The lesser target (if there really is one)

I had an email correspondence with another writer about submitting work. He said he had found what looked to be an ideal ezine for a story he had written (through Duotrope’s Digest, of course). The submission info page called for the specific take he had made with his story, and he thought he would submit to it.

Before he did so, though, he checked out some of the stuff they had already published in earlier issues. He said he was disappointed with what he found. The writing that they seemed to accept consistently was amateurish. The characters were thinly imagined. The plots were obvious. The writing was workmanlike. But more significant to my friend was that there were blatant errors in the text. The only example he gave me that I can recall is that a writer used the word “gate” when he should have used “gait.” (Describing the way a character was walking.) The mistake slipped past the writer, and it slipped past the editor.

He wondered if he should submit to this ezine given its apparent low standard. Would getting a story accepted there reflect on his reputation? Would it hurt rather than help his credentials?

I didn’t know what to tell him. Given my thus far comparatively sparse fiction publishing record, I couldn’t offer sage advice or experience. I suggested two things. One is that if his work truly is better than what the ezine normally runs, his story might help the publication rise a fraction in the market. Second, his story is quite specialized, and he told me he had not had any luck finding an ezine that was interested in it. Given his lack of success otherwise, I thought that any credential was better than leaving a story to languish. Readers are readers, after all.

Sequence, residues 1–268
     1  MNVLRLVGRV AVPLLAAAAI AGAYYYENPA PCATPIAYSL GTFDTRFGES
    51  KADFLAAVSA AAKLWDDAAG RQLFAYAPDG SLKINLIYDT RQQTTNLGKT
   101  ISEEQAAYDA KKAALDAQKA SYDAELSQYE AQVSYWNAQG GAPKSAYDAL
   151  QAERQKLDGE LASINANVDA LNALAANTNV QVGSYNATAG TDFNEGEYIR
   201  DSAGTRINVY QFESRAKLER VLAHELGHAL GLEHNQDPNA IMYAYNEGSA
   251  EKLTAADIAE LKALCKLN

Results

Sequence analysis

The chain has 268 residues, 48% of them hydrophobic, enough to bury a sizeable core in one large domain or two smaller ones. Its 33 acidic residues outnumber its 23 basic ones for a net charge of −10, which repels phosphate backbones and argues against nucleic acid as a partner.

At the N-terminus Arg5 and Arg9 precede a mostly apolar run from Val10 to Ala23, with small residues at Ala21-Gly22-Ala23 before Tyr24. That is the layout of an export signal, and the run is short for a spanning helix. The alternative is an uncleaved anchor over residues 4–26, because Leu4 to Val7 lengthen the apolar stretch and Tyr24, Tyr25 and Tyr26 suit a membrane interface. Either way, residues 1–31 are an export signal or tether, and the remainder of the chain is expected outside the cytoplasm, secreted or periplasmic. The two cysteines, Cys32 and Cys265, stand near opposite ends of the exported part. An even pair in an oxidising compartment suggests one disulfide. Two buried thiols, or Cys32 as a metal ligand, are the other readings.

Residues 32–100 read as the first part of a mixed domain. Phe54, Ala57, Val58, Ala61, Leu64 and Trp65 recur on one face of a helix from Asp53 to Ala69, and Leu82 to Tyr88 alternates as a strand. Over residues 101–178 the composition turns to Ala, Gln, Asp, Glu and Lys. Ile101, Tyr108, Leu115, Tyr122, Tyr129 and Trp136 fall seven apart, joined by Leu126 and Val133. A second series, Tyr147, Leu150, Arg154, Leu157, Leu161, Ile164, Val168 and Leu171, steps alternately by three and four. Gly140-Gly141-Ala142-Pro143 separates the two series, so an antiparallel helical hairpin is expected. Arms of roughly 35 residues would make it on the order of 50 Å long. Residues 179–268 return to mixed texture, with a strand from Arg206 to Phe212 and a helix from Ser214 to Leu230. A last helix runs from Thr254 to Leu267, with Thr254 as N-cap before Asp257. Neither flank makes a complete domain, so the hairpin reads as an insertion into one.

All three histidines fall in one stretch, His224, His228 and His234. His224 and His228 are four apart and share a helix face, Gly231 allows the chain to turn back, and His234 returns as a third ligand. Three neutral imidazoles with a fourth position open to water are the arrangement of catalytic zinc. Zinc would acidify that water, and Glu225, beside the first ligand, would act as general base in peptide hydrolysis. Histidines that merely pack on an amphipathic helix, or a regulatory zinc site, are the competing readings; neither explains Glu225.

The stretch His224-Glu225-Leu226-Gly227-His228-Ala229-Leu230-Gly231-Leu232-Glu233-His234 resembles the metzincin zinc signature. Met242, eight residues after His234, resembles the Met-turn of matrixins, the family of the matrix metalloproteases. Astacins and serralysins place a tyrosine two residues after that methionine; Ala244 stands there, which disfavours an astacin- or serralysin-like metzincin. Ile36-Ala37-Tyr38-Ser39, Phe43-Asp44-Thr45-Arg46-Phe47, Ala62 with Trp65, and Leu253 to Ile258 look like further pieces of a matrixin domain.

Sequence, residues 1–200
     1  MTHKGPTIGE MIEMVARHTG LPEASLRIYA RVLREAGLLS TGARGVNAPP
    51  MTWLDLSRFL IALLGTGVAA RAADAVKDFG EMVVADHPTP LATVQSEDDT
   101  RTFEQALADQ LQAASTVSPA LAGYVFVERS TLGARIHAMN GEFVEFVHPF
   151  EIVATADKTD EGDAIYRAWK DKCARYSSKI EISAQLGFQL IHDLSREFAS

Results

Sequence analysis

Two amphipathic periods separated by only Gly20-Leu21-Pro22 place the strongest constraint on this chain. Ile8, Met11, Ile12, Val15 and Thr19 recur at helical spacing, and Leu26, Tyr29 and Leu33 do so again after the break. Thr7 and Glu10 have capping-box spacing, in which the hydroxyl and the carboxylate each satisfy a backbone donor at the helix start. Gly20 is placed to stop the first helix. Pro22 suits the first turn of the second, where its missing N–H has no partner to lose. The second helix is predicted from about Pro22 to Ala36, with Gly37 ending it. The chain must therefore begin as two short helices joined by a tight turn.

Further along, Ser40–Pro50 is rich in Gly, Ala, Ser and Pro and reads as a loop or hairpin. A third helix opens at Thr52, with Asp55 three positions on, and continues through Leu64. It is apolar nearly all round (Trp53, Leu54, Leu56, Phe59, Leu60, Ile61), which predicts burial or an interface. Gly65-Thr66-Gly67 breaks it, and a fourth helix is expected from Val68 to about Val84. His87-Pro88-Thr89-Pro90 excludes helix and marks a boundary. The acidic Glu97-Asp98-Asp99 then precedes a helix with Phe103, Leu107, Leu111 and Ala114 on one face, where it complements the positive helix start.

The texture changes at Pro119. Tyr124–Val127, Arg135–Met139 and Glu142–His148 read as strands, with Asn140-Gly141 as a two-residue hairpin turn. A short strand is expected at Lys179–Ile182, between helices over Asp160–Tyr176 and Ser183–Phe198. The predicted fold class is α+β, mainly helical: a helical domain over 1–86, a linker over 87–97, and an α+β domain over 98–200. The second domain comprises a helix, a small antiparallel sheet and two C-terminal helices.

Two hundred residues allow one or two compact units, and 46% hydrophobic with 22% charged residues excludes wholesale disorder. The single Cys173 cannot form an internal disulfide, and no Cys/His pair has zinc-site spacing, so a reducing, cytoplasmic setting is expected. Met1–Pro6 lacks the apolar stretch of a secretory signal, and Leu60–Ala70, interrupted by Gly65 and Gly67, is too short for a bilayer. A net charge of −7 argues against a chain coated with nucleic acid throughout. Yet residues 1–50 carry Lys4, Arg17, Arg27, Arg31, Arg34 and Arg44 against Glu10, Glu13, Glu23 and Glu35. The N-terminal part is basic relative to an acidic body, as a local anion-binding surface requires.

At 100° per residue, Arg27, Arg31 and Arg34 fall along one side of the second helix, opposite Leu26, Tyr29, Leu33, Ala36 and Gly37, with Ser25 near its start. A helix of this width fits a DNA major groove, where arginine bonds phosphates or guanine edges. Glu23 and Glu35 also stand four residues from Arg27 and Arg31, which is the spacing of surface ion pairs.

What do you think?

Explore posts in the same categories: Rants and ruminations

3 Comments on “The lesser target (if there really is one)”

  1. Pete Says:

    If a journal is that sloppy, I wouldn’t submit anything to them. Similarly, every time I come across a new online journal via Duotrope or P&W, before even reading the submission guidelines I look at the site design. If the design is garish, poorly formatted or otherwise ugly I immediately eliminate the journal from consideration, figuring that if they have low standards for visual aesthetics they probably have crappy taste in literature too – in which case I really don’t want to be associated with them.

  2. Brian Keaney Says:

    I don’t think stories really exist until someone reads them.

  3. Eddisbury Says:

    I’d say that being published in such and ezine gives you no credibility at all. Much better to take the long slog so that “listed with Boggins, Funkle etc on such-and such a site/publication” is something to be proud of – not a little bit apologetic about.

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